Toothless growth law
June 4, 2009
Now that Gov. Charlie Crist has signed into law a major weakening of growth rules, Hillsborough and other urban counties appear to have lost the power to force developers to help pay for new or improved roads.
One of our objections to the law is based on the uncertainty of what its full consequences will be. On something this important, the starting point should be broad agreement of what the bill would do.
One question mark in the law is the requirement that the state consider a vague "mobility fee." It's hard to see how any new charges could raise significant cash without also countering the main purpose of the change, which is to lower the cost of development.
Lower costs are why developers are happy about the changes. But Hillsborough commissioners were right to unanimously ask Crist to veto the bill. Their guess is that the costs of growth will be shifted back to taxpayers.
The price will be paid either in higher taxes or degraded services.
That's also why Crist signed the bill quietly and has had little to say about it. It doesn't square with his broader tax-cutting agenda.
He points out that the changes are not all bad, and he's right, but that raises another issue. Lawmakers packed so much into this bill that some of them probably didn't understand what they were voting for.
One of the bill's useful provisions will allow development agreements to stay valid for two years to give investors time to weather the economic storm. These are projects that have gone through all necessary approvals and public review. Starting over would be a waste of time and money for everyone involved.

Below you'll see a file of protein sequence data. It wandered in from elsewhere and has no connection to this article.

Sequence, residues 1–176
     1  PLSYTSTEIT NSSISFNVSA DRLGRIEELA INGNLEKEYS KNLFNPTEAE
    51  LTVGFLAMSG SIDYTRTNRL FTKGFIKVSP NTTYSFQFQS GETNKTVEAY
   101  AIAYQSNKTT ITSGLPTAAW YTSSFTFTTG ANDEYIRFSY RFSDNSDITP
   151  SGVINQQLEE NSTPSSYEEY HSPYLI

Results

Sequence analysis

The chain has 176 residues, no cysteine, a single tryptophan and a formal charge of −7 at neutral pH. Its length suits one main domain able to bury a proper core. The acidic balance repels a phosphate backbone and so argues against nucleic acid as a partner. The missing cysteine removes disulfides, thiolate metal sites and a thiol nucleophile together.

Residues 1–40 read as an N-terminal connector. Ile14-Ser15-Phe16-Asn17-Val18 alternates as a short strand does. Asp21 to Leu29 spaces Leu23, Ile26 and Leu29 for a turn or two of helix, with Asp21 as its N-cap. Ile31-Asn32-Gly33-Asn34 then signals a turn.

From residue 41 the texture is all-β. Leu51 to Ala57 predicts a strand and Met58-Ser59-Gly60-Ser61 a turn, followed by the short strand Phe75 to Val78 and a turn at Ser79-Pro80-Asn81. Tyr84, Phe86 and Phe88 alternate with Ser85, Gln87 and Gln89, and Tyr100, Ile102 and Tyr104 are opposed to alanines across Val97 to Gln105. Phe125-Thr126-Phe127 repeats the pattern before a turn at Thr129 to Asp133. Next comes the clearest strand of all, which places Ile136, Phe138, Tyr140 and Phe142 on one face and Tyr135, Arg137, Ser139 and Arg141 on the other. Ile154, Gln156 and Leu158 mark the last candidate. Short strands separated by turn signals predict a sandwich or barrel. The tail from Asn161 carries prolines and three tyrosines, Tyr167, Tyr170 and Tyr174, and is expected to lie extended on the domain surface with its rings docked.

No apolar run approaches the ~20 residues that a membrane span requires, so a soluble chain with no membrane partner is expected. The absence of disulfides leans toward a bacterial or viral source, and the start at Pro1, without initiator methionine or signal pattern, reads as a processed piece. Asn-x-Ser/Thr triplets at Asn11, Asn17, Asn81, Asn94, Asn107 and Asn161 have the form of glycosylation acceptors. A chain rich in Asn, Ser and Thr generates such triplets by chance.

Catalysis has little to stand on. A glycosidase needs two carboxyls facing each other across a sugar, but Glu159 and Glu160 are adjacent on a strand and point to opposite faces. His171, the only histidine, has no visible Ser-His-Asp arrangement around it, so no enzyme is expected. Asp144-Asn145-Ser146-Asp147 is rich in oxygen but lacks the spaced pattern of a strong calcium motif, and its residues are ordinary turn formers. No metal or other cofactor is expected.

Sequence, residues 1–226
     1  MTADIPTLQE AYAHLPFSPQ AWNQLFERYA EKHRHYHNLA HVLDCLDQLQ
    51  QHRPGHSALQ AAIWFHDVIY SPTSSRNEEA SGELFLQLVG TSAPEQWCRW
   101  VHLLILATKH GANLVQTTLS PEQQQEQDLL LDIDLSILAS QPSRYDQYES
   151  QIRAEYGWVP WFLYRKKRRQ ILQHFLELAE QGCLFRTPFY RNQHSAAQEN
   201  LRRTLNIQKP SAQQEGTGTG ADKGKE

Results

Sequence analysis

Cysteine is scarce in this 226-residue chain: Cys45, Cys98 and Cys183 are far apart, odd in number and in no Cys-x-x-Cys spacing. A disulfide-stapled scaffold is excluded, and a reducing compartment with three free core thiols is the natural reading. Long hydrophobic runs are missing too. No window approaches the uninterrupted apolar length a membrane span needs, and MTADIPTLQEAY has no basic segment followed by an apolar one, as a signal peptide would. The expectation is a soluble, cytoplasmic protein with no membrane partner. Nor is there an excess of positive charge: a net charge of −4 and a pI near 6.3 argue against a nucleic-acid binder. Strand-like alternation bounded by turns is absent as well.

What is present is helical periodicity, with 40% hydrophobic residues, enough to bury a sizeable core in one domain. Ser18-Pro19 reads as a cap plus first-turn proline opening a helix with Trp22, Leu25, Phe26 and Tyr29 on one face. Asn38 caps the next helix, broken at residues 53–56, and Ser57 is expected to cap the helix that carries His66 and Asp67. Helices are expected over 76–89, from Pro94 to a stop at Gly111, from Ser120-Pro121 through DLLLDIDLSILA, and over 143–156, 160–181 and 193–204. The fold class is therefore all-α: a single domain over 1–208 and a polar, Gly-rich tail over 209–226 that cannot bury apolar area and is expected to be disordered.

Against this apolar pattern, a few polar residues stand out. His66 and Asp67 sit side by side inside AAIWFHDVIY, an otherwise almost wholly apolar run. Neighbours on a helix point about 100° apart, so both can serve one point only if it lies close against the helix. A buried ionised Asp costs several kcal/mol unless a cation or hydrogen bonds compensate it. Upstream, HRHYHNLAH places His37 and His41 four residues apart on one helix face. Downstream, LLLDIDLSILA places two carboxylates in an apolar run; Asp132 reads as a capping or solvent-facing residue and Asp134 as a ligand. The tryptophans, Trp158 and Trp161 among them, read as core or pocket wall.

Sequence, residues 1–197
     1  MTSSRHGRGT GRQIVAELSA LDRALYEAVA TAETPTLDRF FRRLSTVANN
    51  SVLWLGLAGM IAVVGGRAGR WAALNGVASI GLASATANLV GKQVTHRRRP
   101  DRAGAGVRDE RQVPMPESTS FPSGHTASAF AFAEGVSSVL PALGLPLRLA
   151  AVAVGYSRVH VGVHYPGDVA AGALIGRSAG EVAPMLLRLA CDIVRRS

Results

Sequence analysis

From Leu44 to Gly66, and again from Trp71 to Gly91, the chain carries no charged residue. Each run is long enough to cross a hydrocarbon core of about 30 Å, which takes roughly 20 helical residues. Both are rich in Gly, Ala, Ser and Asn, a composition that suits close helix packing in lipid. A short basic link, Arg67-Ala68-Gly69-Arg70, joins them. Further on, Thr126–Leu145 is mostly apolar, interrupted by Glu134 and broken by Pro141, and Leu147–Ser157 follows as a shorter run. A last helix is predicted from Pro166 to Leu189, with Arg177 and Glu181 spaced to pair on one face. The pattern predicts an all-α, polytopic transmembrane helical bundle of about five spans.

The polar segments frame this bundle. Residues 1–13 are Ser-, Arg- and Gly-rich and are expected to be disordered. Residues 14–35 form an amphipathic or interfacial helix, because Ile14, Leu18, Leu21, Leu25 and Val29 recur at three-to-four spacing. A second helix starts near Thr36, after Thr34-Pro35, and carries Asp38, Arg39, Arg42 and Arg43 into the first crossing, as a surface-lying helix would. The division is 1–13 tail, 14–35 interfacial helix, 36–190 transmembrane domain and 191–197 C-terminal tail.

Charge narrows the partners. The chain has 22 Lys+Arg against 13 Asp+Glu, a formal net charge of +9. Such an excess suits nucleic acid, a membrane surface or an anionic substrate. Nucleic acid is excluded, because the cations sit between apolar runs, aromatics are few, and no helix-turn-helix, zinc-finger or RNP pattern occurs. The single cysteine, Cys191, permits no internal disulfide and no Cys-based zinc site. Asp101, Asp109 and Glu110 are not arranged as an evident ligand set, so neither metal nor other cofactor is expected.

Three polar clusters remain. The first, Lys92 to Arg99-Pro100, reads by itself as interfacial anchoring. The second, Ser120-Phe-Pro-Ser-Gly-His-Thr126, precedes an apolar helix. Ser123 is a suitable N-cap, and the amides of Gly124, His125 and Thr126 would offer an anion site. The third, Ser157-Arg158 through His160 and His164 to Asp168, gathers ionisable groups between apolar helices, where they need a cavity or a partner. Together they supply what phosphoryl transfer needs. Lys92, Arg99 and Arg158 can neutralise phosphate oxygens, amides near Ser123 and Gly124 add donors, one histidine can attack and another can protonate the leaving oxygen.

But this worthy change could have stood on its own. It has nothing to do with how to pay the costs of growth.
Following the bill was extremely difficult, as it was modified and amendments were added and subtracted. The House considered bills that would have been even more damaging than the Senate's version, which ultimately passed, albeit with some damaging House revisions. House Speaker Ray Cretul and designated successor Dean Cannon have shown themselves to be firmly in the camp of special interests.
The Legislature agreed to a fundamental shift in how growth is managed without informing the local elected officials and planning experts who deal daily with these issues. The fast-growing urban counties most affected by the changes have raised the loudest objections, once they understood what was happening.
It doesn't make sense for state lawmakers from counties largely unaffected to dictate the subsidizing of growth in other places.
The key issue left unanswered is who will pay for the extra highway lanes a big, new project needs. The law doesn't say.
Any economic stimulus provided will have to come from the very taxpayers who are supposed to benefit from the economic growth.
Taxpayers are right to wonder how they will benefit. At more than 1 million people, Hillsborough already is larger than seven states and 42 countries.
It has a huge backlog of needs and an oversupply of housing. And now Crist blissfully signs a bill that likely will allow developers to build more sprawling projects and shift more costs to citizens. Perhaps the governor can explain how this will help Florida's taxpayers or its ailing economy.
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